Testimony of a Russian Orthodox Christian under Rome
Originally written in 2014, when I was going to the traditional Latin Mass; updated.
tl;dr: Don't get rebaptized to preach contraception.
The Orthodox have their problems: anti-Western bigotry and being wrong on contraception and on remarriage after divorce. But they also have defined doctrine that's true — the first seven great church councils, real sacraments including real bishops and the real Eucharist, and a rite that's entirely Catholic, as is — don't latinize it, and better than the Novus Ordo. Their worship services and prayer practices are mine. Better than mainline churchianity including Bergoglianity.
I'd known of Eastern rites and churches since the early 1980s, and my first traditional Catholic liturgy was Byzantine, by Ukrainians.
I'd be interested to know: why did you you leave the Latin Church when you did?
Three things: I was trying to look cool, keeping my traditionalism but dressing it up in a way I thought would please the hipsters, et al. (reducing religion to private opinion, like a hobby); the American Catholic Church in the early '90s was very inhospitable to conservative Catholics, between Pope Paul VI's English Novus Ordo (not Pope Benedict's corrected version) and low-church liberals locally in charge; and I have a learning disability I didn't understand at the time that caused me social problems, which I blamed on the church.
In 1995 I read Fr. Seraphim (Rose); here was a traditionalist who seemed cool without compromising and seemed to have an answer why the West went to hell in the '60s. Online fora/newsgroups at the time were a bad influence too: it was still the height of the convert boomlet with ex-Catholics testifying. I fell for "the modern papacy caused the heresy after Vatican II" or something like that, a mutation of Archbishop Lefebvre's correct observation that the council was a mistake and it was "a masterstroke of Satan" to tear down tradition under the guise of obedience. The continued '50s-like normality of Orthodoxy's ethnic folk Catholicism's a great thing, in contrast. So off I went.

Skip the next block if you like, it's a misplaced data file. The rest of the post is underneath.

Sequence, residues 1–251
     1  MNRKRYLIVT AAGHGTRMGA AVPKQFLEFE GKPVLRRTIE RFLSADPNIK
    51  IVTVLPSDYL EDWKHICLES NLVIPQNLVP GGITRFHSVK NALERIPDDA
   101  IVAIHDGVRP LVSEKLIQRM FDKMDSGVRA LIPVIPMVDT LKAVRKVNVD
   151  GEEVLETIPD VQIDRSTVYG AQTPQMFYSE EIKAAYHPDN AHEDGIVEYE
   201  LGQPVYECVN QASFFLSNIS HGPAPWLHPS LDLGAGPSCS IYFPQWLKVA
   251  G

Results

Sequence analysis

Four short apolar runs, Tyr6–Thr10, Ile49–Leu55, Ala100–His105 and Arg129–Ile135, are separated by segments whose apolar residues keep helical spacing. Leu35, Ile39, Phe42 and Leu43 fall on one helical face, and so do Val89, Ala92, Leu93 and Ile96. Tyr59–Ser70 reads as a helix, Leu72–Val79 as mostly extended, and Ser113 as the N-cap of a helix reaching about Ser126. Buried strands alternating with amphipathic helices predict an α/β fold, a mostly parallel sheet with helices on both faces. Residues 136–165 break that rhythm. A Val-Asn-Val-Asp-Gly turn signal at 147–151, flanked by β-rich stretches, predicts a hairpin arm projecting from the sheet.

But here's the rub. I couldn't buy the party line that allows the opinion that Catholicism — including Western baptism and the Latin Mass — has been a fraud since the schism. Also, looking the other way on contraception doesn't work. Neither does church divorce and remarriage: "sometimes adultery is OK"? Early on I lost faith in the schism so most of my time in Orthodoxy I took cover under an unusual "refugee from Vatican II" priest (much like this fellow), pro-Catholic, whom I felt I had to cover for, to protect. At the same time, I spent five years part-time at an Anglo-Papalist Anglican church, a bridge back to the church. (In the late '80s the place was my bridge out of the church, as I had been confirmed in '84; in the '00s I took the same bridge right back in! More on me and Anglo-Catholicism. I was an Episcopalian to begin with; Catholic Anglicanism made me. Why I'm not Novus Ordo.) Then Cardinal Ratzinger became Pope Benedict, lifted the restrictions on the old Mass, AND in 2011 fixed English Novus (I have no conscience problem with the text of the new Mass), AND that priest suddenly left town in 2011, so at the end of the year I returned to the Catholic Church.
Sure, I like the ethnics and like the rite. Leaving was nothing personal. But being there was hypocritical, not fair to the Orthodox; I didn't belong.
Harsh Catholic stuff: "Separated" Orthodoxy is making an idol of good things: tribe, nation, culture, rite, setting them above God and the church. M. DeF. writes: "For a Westerner, becoming a 'separated' Orthodox is a self-hating act. Overt or inverted, false religion is always about self, not God." That said, I don't call people born into schism and acting in good faith schismatics.
The Pope's office, not the man, shares in the church's charism of infallibility. The Council of Florence has explained the filioque: THROUGH the Son, proceeding "eternally from both as from one principle and through one spiration." The West still shouldn't have changed the wording of the creed.